Aqueous solution “E2” was prepared with 3.0 weight percent tetramethylammonium hydroxide (TMAH), 0.1 weight percent trans-(1,2-cyclohexylenedinitrilo)tetraacetic acid (CyDTA), 0.06 weight percent of the non-ionic surfactant Surfynol-465 (a product of Air Products and Chemicals, Inc.), 9.0 weight percent glycerol, 0.21 weight percent (calculated as % SiO2) tetramethylammonium silicate (TMAS) and 2.8 weight percent 5-sulfosalicylic acid (remainder of this solution being made up with de-ionized water).

Aqueous solution “E3” was prepared with 2.7 weight percent tetramethylammonium hydroxide (TMAH), 0.09 weight percent trans-(1,2-cyclohexylenedinitrilo)tetraacetic acid (CyDTA), 0.06 weight percent of the non-ionic surfactant Surfynol-465 (a product of Air Products and Chemicals, Inc.), 18 weight percent glycerol, 0.12 weight percent (calculated as % SiO2) tetramethylammonium silicate (TMAS) and 2.5 weight percent 5-sulfosalicylic acid (remainder of this solution being made up with de-ionized water).

Aqueous solution “F1” was prepared with 4.0 weight percent tetramethylammonium hydroxide (TMAH), 0.1 weight percent trans-(1,2-cyclohexylenedinitrilo)tetraacetic acid (CyDTA), 0.06 weight percent of the non-ionic surfactant Surfynol-465 (a product of Air Products and Chemicals, Inc.), 3.0 weight percent glycerol, 0.28 weight percent (calculated as % SiO2) tetramethylammonium silicate (TMAS) and 1.6 weight percent phosphoric acid (remainder of this solution being made up with de-ionized water) and has a pH of about 12.1.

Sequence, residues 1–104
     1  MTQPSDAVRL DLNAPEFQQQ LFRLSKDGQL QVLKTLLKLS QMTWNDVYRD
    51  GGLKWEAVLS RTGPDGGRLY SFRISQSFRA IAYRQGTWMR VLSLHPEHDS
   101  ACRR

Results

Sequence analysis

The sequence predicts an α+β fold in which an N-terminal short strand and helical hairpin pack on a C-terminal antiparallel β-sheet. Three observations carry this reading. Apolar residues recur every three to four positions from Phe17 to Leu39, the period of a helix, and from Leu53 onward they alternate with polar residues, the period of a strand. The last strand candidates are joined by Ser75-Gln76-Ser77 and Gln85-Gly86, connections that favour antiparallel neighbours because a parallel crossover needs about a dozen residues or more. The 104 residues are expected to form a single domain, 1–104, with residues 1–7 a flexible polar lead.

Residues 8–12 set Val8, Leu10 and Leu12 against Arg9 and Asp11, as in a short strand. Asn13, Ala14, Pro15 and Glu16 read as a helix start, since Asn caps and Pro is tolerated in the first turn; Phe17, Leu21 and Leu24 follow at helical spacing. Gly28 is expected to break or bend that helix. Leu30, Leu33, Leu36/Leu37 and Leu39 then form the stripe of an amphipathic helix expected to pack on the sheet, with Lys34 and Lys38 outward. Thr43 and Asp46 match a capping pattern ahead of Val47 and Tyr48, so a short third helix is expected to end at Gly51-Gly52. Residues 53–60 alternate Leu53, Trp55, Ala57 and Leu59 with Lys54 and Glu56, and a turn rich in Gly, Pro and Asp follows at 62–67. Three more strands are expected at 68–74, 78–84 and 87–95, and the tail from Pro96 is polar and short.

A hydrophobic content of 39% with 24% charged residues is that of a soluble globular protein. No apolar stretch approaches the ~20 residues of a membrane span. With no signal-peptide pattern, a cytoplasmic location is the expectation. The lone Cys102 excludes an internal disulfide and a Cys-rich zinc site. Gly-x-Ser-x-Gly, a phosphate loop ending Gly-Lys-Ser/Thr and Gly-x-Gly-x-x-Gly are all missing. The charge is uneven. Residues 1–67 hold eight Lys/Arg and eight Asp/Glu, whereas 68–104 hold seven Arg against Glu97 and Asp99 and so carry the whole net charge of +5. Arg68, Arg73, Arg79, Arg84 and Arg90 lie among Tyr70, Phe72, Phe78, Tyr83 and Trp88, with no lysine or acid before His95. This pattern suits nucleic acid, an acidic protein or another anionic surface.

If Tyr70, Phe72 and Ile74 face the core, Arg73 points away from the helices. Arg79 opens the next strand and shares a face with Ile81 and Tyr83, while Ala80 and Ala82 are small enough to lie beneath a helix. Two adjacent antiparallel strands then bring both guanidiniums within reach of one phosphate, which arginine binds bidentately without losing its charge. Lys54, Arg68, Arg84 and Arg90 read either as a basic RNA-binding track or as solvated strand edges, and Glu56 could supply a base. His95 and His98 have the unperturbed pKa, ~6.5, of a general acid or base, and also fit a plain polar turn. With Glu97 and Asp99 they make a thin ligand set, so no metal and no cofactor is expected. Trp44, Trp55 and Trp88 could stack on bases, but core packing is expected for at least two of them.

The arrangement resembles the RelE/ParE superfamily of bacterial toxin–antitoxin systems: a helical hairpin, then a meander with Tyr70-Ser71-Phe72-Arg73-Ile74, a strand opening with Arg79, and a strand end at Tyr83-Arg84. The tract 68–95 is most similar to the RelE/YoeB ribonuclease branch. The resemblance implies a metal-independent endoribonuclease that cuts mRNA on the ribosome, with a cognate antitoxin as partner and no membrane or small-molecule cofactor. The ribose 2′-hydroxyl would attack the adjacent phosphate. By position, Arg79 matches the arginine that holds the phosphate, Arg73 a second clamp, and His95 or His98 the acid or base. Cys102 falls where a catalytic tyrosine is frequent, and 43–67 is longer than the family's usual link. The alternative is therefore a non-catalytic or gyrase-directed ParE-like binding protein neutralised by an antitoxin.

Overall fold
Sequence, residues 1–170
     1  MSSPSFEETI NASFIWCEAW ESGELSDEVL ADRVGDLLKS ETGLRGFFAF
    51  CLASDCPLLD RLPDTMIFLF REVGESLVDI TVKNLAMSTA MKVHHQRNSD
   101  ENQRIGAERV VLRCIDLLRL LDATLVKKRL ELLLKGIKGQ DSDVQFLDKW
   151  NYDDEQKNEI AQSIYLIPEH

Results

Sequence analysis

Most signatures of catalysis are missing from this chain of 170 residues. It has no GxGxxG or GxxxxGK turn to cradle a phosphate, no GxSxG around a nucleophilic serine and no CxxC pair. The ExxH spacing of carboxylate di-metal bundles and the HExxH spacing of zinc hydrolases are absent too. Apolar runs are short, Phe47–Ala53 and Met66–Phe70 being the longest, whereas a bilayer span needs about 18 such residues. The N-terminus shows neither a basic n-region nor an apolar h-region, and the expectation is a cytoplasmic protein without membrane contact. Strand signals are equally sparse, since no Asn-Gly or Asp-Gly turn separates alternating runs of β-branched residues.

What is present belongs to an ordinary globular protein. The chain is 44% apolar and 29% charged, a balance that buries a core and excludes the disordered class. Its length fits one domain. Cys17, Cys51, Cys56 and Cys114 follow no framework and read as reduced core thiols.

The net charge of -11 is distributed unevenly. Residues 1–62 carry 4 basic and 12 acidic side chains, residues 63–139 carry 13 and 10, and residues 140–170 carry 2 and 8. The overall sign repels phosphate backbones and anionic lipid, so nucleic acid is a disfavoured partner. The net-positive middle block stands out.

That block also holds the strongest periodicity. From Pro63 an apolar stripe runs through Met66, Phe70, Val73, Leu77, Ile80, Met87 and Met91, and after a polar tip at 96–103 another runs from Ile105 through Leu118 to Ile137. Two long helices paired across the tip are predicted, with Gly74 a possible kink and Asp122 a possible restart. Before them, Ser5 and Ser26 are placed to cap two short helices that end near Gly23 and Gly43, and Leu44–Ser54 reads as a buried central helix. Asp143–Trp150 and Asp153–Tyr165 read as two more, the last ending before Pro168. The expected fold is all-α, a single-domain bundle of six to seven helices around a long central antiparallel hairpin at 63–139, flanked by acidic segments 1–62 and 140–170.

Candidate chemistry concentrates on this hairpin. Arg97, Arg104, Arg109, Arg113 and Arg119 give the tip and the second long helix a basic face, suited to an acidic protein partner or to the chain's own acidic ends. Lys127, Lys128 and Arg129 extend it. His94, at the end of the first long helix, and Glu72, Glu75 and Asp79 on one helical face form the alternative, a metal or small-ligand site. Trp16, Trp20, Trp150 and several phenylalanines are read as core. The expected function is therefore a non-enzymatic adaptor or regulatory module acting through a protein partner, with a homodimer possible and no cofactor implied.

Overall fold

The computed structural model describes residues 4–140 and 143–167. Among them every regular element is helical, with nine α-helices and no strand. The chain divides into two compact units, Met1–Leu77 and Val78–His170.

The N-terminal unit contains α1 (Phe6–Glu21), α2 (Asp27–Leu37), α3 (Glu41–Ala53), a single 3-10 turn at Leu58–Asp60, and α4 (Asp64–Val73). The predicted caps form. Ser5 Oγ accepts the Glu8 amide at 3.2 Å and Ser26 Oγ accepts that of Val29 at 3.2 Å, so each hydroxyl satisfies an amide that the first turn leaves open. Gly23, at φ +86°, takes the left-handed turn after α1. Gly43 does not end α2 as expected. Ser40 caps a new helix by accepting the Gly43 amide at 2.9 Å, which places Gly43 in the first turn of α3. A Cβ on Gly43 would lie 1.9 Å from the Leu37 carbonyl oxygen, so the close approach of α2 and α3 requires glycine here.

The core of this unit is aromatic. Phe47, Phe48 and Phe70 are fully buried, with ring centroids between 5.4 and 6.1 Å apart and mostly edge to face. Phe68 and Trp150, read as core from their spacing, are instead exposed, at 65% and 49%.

Aqueous solution “F2” was prepared with 2.5 weight percent tetramethylammonium hydroxide (TMAH), 0.1 weight percent trans-(1,2-cyclohexylenedinitrilo)tetraacetic acid (CyDTA), 0.06 weight percent of the non-ionic surfactant Surfynol-465 (a product of Air Products and Chemicals, Inc.), 3.0 weight percent glycerol, 0.26 weight percent (calculated as % SiO2) tetramethylammonium silicate (TMAS) and 0.97 weight percent phosphoric acid (remainder of this solution being made up with de-ionized water) and has a pH of about 12.1.